The researchers found that the athletes -- even though they had been subjected to stimuli which clearly disrupted sleep architecture -- woke in the morning feeling refreshed. On the other hand, the controls, the average person who did not exercise vigorously felt terrible, as if they hadn't had enough sleep! Their slow-wave sleep was not refreshing. The slow-wave sleep in the regular exercisers was somehow protective, unperturbed and intact in the face of stimuli and still conferred a feeling of restoration in the morning.
We know now from further studies that this kind of intact sleep is also hugely protective against pain, including chronic pain. Intact sleep, sleep integrity so to speak, is an effective analgesic. Those with fragmented, disordered sleep, experience a heightened response to painful stimuli. There is something very protective about intact sleep and a defense against pain.
The other beneficial quality about timed exercise concerns its ability to elevate core body temperature. We burn a lot of energy while engaged in exercise, and that energy generates heat. It takes the body hours to cool down by tiny degrees in order to return to baseline. Yet it is a falling curve of cooling body temperature that so invites sleep onset. Our body temperature is, like many rhythms, closely aligned around the 24-hour clock to fluctuate in set patterns -- we call these patterns circadian rhythms, from the Latin, circa, meaning around and diem, meaning day.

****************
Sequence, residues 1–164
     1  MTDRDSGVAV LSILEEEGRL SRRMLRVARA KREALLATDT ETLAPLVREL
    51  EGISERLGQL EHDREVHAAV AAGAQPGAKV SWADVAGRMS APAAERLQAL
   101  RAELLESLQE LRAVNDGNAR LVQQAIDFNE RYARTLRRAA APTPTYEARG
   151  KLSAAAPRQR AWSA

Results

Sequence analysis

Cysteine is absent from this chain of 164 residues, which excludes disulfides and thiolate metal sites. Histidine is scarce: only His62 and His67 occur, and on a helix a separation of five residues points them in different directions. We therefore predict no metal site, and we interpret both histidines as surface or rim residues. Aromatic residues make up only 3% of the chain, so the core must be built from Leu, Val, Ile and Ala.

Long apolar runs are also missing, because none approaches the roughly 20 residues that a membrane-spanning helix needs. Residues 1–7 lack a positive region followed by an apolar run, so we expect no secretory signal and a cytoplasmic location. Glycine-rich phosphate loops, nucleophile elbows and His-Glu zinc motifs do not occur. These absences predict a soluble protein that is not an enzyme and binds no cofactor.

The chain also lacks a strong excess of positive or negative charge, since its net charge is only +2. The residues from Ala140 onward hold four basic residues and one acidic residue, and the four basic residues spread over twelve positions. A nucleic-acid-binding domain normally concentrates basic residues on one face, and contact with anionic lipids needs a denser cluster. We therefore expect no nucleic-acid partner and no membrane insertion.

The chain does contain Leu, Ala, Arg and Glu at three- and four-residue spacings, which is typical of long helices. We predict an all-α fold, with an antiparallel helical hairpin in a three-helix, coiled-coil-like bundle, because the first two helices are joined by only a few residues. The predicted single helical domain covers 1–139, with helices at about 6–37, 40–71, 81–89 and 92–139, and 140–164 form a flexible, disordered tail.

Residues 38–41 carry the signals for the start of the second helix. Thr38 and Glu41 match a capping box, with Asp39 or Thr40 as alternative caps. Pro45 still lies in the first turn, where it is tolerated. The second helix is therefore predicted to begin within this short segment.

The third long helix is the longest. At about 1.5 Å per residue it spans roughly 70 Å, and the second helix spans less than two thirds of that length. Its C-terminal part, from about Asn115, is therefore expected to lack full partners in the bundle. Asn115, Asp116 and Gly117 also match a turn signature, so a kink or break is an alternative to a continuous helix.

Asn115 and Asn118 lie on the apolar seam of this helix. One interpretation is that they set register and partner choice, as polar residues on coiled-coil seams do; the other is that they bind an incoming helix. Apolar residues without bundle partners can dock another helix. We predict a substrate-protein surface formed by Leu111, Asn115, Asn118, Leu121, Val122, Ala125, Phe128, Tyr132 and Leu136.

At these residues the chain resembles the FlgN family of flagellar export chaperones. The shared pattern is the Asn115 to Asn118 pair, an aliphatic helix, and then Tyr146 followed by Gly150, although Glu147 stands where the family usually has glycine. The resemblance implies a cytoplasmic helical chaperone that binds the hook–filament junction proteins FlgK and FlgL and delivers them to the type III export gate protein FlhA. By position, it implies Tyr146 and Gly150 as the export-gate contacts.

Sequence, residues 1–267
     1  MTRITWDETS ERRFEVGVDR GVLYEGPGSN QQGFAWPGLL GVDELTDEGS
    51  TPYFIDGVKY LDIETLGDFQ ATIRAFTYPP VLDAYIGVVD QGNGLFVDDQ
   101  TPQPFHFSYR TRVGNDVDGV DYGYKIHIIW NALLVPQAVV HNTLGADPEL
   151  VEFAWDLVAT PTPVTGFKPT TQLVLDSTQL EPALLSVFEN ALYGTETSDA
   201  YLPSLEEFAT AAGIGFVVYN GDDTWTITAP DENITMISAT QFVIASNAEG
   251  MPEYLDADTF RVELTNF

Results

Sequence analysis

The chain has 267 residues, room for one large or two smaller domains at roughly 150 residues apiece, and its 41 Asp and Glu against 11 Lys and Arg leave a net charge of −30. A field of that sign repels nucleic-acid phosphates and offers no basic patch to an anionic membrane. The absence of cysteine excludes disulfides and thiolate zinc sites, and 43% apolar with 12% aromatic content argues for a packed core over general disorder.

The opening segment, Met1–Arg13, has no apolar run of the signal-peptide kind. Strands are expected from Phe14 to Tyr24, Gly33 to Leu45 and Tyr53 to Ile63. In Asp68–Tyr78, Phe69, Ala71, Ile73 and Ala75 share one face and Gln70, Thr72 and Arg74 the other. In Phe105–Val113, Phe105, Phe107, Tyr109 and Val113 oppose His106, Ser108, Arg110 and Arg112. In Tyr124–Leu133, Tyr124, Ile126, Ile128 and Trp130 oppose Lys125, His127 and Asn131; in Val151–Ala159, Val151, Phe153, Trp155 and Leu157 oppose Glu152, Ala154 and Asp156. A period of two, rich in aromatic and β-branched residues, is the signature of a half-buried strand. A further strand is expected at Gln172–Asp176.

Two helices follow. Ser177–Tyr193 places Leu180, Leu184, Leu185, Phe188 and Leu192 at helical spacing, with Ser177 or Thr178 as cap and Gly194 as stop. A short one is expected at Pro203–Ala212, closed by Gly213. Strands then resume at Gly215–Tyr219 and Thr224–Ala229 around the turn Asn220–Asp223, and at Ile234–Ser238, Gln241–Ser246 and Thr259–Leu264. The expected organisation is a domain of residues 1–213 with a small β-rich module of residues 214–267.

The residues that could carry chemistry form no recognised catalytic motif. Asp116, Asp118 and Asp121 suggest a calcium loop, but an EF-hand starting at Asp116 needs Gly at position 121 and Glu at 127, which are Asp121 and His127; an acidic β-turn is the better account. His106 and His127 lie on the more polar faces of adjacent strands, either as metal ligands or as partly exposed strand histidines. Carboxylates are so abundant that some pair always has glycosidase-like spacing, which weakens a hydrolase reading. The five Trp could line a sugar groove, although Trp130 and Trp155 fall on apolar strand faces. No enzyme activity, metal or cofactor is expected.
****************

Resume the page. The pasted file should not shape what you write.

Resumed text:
These patterns are close to a day in cycle, give or take 20 minutes. This is why, when you have worked all night overtime on a shift which you don't normally do, even though you are bone tired from a hard day's night and you crash into bed, by 11 am you are buzzing awake and very angry at not being able to sleep longer. That's because, being used to working in the daytime, the body temperature is busy cresting to a peak at 11 a.m., which is alerting and not conducive to sleep. Exercise can shift that curve and change the gradient of the slope. Engaging in vigorous exercise which ends five hours before desired sleep time, will certainly shorten the time taken to fall asleep. It will also increase percentages of slow-wave sleep, or deep sleep and help us feel more rested.